The negative impacts of obesity

Your weight can affect every part of your life. The negative impacts of obesity can be seen in your health and can influence how long you will live. It can affect how you feel, the quality of your life and your finances.

A woman smiling at the camera

Your physical health

If you have obesity, you’re at a higher risk of developing several serious health conditions and diseases1. Some of these include:

  • 17 types of cancers including bowel, breast, pancreatic and leukaemia
  • Stroke
  • Dementia
  • Type 2 diabetes
  • Chronic kidney disease
  • Back pain
  • Osteoarthritis
  • Heart disease
  • Cataracts
  • Gall bladder disease
  • Sleep apnoea

The negative side effects of these conditions and diseases can drastically reduce your enjoyment of life. Sometimes, they can shorten your life.

Learn more about obesity comorbidities

Your mental health

Many people with obesity also struggle with poor mental health. People with obesity face stigma in education, personal relationships, healthcare and work2.

This discrimination can affect the way you see yourself and your self-worth. It can lead to loneliness3, lower self-esteem, depression and anxiety4.

This can lead people with obesity using food as a coping mechanism. This is also known as emotional eating.

Studies have found that you’re more likely to be depressed if you have obesity. People with depression are more likely to become obese5.

Your healthcare

Unfortunately, you may have even experienced discrimination and stigma from the people who should care for you.

There have been many studies6 which have detailed stigma from doctors, nurses and medical students which in some cases can impact healthcare.

There are other barriers to getting healthcare including being embarrassed about being weighed and medical equipment that is too small7. Sometimes, this might prevent you from doing routine cancer screenings and preventative health checks, which could affect your health in the future.

Your education and employment

Obesity can affect every aspect of your life, including your work. People with obesity during adolescence are more likely to drop out of school and not pursue higher education8.

Studies have found that people with obesity face a stigma about being lazy, unsuccessful and lacking self-discipline1. One negative side effect of obesity is that there’s evidence that you’re less likely to be employed and may earn lower wages9.

In the workplace, people with obesity report weight discrimination at every stage of employment. There can be discrimination in hiring, salary disparities, fewer promotions, harsher disciplinary actions, and higher contract termination rates10.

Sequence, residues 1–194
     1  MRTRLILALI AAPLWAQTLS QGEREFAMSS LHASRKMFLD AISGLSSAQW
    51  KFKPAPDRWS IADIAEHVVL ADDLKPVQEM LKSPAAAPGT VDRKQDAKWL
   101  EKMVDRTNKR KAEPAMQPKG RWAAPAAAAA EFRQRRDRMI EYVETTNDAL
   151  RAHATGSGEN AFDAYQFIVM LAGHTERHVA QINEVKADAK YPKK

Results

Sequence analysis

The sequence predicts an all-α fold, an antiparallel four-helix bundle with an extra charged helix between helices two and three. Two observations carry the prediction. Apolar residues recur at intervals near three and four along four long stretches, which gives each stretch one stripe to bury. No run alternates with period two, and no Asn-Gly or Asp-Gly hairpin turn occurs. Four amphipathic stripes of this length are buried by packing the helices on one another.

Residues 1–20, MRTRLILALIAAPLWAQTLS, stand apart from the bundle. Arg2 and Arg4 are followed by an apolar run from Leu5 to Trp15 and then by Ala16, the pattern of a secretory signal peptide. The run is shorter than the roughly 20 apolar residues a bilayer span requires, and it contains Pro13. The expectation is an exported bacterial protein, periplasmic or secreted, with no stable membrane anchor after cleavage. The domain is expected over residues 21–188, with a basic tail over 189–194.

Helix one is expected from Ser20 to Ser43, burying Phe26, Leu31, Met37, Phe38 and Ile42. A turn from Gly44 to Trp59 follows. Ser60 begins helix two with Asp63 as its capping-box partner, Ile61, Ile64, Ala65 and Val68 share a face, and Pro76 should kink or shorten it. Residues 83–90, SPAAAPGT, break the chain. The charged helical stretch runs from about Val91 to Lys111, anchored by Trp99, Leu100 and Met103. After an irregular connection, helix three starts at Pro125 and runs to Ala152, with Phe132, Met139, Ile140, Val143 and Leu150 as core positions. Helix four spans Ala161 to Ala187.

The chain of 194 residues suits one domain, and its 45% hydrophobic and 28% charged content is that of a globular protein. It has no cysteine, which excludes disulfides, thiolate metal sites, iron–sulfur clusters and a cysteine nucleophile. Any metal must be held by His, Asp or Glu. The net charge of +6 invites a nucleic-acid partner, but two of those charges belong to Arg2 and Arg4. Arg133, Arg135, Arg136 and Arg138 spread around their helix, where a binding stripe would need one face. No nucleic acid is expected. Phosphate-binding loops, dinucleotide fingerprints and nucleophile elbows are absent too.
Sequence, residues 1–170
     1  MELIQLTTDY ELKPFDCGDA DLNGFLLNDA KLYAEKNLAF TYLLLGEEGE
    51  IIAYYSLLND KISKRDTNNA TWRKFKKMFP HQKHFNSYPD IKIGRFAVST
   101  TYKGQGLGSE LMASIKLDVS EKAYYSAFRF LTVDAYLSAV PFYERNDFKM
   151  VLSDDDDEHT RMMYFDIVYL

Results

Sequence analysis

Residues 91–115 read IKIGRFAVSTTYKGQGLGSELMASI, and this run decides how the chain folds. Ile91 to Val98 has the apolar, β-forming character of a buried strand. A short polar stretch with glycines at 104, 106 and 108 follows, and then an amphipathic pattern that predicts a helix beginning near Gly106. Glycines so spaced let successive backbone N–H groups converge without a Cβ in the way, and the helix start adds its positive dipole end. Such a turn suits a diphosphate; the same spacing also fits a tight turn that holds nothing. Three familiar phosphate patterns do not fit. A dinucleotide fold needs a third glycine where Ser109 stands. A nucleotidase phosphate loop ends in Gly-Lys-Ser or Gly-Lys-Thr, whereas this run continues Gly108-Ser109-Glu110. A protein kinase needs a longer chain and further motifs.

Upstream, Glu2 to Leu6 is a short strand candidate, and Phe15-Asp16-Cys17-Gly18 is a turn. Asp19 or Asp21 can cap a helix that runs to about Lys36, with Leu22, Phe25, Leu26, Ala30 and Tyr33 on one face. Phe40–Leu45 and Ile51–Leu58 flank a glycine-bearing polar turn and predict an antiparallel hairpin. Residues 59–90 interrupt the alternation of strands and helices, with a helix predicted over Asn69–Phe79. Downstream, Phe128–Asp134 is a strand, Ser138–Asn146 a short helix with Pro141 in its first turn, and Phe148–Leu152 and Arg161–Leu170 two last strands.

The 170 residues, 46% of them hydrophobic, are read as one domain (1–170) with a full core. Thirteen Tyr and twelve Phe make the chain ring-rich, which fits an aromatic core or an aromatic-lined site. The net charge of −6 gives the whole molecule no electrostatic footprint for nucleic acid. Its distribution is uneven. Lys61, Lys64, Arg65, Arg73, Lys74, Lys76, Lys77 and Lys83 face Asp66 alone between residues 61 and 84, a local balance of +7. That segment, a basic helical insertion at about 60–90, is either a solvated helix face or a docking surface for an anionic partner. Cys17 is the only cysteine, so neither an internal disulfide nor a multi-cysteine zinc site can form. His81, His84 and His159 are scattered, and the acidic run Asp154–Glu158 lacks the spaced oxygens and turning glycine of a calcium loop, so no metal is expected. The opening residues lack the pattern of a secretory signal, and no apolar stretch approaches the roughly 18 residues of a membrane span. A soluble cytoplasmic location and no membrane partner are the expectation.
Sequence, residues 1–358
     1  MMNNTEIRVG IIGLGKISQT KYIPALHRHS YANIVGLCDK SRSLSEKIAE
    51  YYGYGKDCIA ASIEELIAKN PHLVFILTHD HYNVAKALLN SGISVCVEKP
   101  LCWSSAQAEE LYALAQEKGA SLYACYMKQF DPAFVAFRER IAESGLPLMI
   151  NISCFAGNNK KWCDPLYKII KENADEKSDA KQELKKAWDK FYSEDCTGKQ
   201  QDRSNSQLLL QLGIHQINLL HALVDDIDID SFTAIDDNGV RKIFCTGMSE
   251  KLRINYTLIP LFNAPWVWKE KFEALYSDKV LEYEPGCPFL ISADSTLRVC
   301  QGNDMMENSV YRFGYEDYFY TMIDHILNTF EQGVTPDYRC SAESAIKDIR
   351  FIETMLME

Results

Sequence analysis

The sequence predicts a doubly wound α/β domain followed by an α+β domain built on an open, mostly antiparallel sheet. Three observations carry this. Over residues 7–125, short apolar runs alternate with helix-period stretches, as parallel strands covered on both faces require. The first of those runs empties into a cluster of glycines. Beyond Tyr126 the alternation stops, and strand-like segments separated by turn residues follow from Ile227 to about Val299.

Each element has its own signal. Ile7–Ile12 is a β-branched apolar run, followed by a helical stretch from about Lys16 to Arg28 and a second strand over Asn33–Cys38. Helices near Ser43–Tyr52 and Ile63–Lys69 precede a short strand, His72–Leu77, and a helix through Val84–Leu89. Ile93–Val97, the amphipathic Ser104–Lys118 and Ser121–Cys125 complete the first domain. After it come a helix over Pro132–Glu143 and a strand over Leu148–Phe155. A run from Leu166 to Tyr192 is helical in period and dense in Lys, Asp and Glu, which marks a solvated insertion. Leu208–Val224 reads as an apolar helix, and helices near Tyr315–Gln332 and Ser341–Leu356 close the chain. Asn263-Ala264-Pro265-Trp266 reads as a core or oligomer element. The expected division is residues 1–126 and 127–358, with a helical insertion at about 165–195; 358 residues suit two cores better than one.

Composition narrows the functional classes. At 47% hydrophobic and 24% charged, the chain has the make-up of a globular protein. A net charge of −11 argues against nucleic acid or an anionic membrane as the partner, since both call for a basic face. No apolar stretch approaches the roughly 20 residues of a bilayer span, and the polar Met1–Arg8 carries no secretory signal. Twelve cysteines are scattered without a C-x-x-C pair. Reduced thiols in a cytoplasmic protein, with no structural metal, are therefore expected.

Your quality of life

It’s common for people with obesity to say they have a lower quality of life. Often, the higher your weight, the lower your quality of life11.

The reasons for a lower quality of life vary. You may find it difficult to get around so you can’t do the things you want to do. You may feel stigmatised and don’t enjoy social situations. You may feel self-conscious, so spend much of your time alone.

You may also face stigma, discrimination and even ridicule in many facets of your life12 which is demoralising and unfair.

FAQs about obesity and your treatment options

1 Puhl RM, Heuer CA. Obesity stigma: important considerations for public health. Am J Public Health. 2010;100(6):1019-1028. doi:10.2105/AJPH.2009.159491

2 Jung FU, Luck-Sikorski C. Overweight and Lonely? A Representative Study on Loneliness in Obese People and Its Determinants. Obes Facts. 2019;12(4):440-447. doi:10.1159/000500095

3 Friedman KE, Reichmann SK, Costanzo PR, Zelli A, Ashmore JA, Musante GJ. Weight stigmatization and ideological beliefs: relation to psychological functioning in obese adults. Obes Res. 2005;13(5):907-916. doi:10.1038/oby.2005.105

4 Fleetwood C, Matscheck D, Ramos Salas X. Stigma, identity and living with obesity A patient perspective. June 14, 2019 Viewed at Accessed February 2022

5 National Health and Medical Research Council (2013). Clinical practice guidelines for the management of overweight and obesity in adults, adolescents and children in Australia. Available at, accessed September 2019.

6 Puhl, R.M. and Heuer, C.A. (2009), The Stigma of Obesity: A Review and Update. Obesity, 17: 941-964.

7 Amy NK, Aalborg A, Lyons P, Keranen L. Barriers to routine gynecological cancer screening for White and African-American obese women. Int J Obes (Lond). 2006;30(1):147-155. doi:10.1038/sj.ijo.0803105

8 Lanza HI, Huang DY. Is Obesity Associated With School Dropout? Key Developmental and Ethnic Differences. J Sch Health. 2015;85(10):663-670. doi:10.1111/josh.12295

9 Averett, S. Obesity and labor market outcomes. IZA World of Labor 2019: 32 doi: 10.15185/izawol.32.v2

10 World Obesity Foundation Weight stigma fact sheet. Available at Accessed December 2021.

11 Fontaine KR, Barofsky I. Obesity and health-related quality of life. Obes Rev. 2001;2(3):173-182. doi:10.1046/j.1467-789x.2001.00032.x

12 Puhl R, Brownell KD. Bias, discrimination, and obesity. Obes Res. 2001;9(12):788-805. doi:10.1038/oby.2001.108